| THE magazine - November 8, 2013

'Shows like this are imperative to maintaining artistic morale and may haphazardly breed something unexpected.'

Tim Jag's latest curatorial project, Beast! began with a call to artists inciting them to “dive right in to what scares the shit out of you...or what strikes you as the most mysterious weirdness you can think of...” A month before Halloween, the show opened at Jamie Hart’s PHIL Space to a packed and celebratory crowd for a spirited, two-week group show that included works by twenty-nine local artists. Predominantly drawings and sculpture in various media, the latter most successfully enlivened the theme with bold, sometimes outrageous displays.

The theme began, Jag said, by thinking about “primal fear and how we are not exactly at the top of the food chain.” Beast! is a metaphor for what eats us alive, the “other,” something scary, mysterious, and even legendary. Jag notes that forty thousand years ago we drew cave paintings that showed animals as enigmatic totems. Today there are monsters, vampires, ghosts, aliens, and loads more over which to get flustered and to venerate. Of course, beasts that live up to their mythic reputation as dark, animalistic, sinister, or even grotesque beings are rarely seen in the light of day.

Michael Lujan’s Colmillo Citricos anthropomorphizes a piece of fruit. The brown (possibly decomposing) lump sits at the top of a stick—spherical and dried with rough skin and a brittle stem poking up from its crown. Midway down is a set of five human-like teeth, which are rumored to be real. They’re pearled, a little yellow, and charmingly crooked. Sheltered by a glass dome, Lujan’s little rotting lemon becomes a specimen. It’s the mouth of a monster but its goofy overbite suggests one out of Shrek. Right next to Lujan’s sculpture are two sheets of paper hung low to the floor, each with two large black paw prints: Gen Hayashida’s ink-on-paper A Beast. The prints, which iterate the tracks of an incredibly large missing animal, might’ve been more effective if inked directly on the wall. Hayashida spoils the illusion by also displaying the source of her prints: two hand-carved wooden block stamps.

El Dentista’s Beast Teeth, presumably found objects, are each the size of a human head and hang on the wall by simple black supports that cite each conjectured beast and its location. Unknown Beast #513a, Canine is from Koldass Cave, Russia. The Godzilla Molar is from Tokyo, Japan, and the most ridiculous, This Ain’t Your Mamma’s Yeti is from our own Jemez, NM. Other than the species names, Beast Teeth gives little away. There’s a brown ang, a yellowed boulder, and an ivory three-pronged tooth. The surfaces are rough and uneven, beaten and weathered by time and ferocious eating. El Dentista lovingly crafted these remnants from papier-mâché and paint, playfully reimagining the top of the food chain as humorous remnants of mysterious beasts.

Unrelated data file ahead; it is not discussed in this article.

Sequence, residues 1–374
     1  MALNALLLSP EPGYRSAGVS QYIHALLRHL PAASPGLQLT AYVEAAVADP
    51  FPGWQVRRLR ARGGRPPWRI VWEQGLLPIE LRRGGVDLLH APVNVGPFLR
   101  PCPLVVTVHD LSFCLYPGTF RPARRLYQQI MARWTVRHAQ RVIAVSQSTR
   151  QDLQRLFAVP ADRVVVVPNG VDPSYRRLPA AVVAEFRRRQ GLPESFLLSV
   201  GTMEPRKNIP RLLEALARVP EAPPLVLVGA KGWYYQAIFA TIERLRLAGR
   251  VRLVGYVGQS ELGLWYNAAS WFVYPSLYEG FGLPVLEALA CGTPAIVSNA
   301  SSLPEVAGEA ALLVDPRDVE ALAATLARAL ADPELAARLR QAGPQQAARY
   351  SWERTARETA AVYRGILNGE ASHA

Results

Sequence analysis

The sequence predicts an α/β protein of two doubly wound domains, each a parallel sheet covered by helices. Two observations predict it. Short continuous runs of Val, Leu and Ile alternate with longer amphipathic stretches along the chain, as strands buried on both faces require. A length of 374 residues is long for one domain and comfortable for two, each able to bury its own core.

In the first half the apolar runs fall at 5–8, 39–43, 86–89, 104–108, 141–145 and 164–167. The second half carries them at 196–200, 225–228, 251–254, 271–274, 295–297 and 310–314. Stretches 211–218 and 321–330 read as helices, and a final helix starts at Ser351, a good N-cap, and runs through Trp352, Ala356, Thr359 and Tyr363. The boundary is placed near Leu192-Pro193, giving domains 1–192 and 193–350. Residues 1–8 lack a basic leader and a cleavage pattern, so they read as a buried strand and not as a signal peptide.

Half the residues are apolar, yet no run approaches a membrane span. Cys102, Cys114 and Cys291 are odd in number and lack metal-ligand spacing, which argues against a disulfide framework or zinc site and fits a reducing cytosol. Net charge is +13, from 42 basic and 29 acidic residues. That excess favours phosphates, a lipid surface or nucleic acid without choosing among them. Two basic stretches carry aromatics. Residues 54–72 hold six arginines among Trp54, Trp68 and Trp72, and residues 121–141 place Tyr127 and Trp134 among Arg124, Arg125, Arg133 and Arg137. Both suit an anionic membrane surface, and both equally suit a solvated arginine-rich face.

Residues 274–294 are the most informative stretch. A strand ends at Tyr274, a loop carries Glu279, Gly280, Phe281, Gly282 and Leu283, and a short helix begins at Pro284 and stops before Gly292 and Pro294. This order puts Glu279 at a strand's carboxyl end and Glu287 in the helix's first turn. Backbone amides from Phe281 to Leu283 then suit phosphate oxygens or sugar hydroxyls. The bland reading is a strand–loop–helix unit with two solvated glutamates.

Two other artists explored “beast” via sexuality, their work teetering on the grotesque. David Solomon’s piece, Even Nice People Die From Cancer, is the artist’s cast fist in flesh tones, veins slightly popping, with thumb peaking from between the forefinger and middle finger. Bubbles left from the mold linger on the surface like tiny craters and suggest something rupturing from within. Its companion on the left is a donut preserved by a coating of resin, a very shiny glaze that left a single long drip hanging from the bottom like bodily fluid. Even Nice People Die From Cancer provokes tantalizing, albeit perplexing, imagery of third base. The title suggests something rotting away beneath a really nice surface, nothing if not a metaphorical beast.

Zelda Salazar’s Hexen is ostentatious, with three mannequins standing in a sea of red fabric before a backdrop of crushed black velvet. There’s something demonic in that alone, but each woman—a blonde, a redhead, and a brunette—wears a red-and-black leather bodice from which hangs a black strap-on. They cluster together like the three fates with their black ski masks, fishnet thigh highs, and police riot shields that say “Hexen Lieben Langer” (“witches love more”). Annoyingly squeaky clean, the plastic bodies appear fresh with outfits shiny and unused. Nothing looks debased, which is actually disappointing despite Salazar’s bringing the bestial underbelly of commercial fantasy into plain view.

The scariest piece in the show is Lauren Oliver’s Minizuku Space Samurai, a nearly seven-foot-high ink-on-paper drawing of an armless Cyclops with pointy ears and fishtail. Oliver’s scratchy, thin black lines feel unstable and radiate off the entity in waves, making this larger than life effigy vibrate with energy. Its uncanny resemblance to a stuffed animal feels familiar and comforting, while its owl-like features evoke darkness.

Beast! presents the perfect theme with which to transgress boundaries and cast a net outside of the hermeneutic circle. More than anything, Jag’s project was an excuse for artists to make and show work outside of the rhetoric of a mainstream gallery and to have fun doing so. Shows like this are imperative to maintaining artistic morale and may haphazardly breed something unexpected. After all, the periphery is where the monsters hide.